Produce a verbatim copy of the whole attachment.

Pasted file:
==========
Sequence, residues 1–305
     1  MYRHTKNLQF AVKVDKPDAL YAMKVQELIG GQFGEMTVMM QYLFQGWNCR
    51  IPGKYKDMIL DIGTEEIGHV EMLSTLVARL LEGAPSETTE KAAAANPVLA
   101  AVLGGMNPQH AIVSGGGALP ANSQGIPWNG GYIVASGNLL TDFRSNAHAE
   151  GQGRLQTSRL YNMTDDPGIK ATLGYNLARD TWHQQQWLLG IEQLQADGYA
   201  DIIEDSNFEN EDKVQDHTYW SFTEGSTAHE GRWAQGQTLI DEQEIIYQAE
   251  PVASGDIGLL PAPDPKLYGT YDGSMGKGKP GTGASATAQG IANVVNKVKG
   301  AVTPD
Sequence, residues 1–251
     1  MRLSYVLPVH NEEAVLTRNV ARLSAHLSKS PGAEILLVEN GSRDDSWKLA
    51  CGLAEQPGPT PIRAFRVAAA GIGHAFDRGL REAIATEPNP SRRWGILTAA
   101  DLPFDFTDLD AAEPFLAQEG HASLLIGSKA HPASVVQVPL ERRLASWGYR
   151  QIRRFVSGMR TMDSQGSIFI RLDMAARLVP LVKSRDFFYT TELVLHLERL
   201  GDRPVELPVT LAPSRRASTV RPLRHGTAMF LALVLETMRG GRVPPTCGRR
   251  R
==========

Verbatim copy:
Sequence, residues 1–305
     1  MYRHTKNLQF AVKVDKPDAL YAMKVQELIG GQFGEMTVMM QYLFQGWNCR
    51  IPGKYKDMIL DIGTEEIGHV EMLSTLVARL LEGAPSETTE KAAAANPVLA
   101  AVLGGMNPQH AIVSGGGALP ANSQGIPWNG GYIVASGNLL TDFRSNAHAE
   151  GQGRLQTSRL YNMTDDPGIK ATLGYNLARD TWHQQQWLLG IEQLQADGYA
   201  DIIEDSNFEN EDKVQDHTYW SFTEGSTAHE GRWAQGQTLI DEQEIIYQAE
   251  PVASGDIGLL PAPDPKLYGT YDGSMGKGKP GTGASATAQG IANVVNKVKG
   301  AVTPD
Sequence, residues 1–251
     1  MRLSYVLPVH NEEAVLTRNV ARLSAHLSKS PGAEILLVEN GSRDDSWKLA
    51  CGLAEQPGPT PIRAFRVAAA GIGHAFDRGL REAIATEPNP SRRWGILTAA
   101  DLPFDFTDLD AAEPFLAQEG HASLLIGSKA HPASVVQVPL ERRLASWGYR
   151  QIRRFVSGMR TMDSQGSIFI RLDMAARLVP LVKSRDFFYT TELVLHLERL
   201  GDRPVELPVT LAPSRRASTV RPLRHGTAMF LALVLETMRG GRVPPTCGRR
   251  R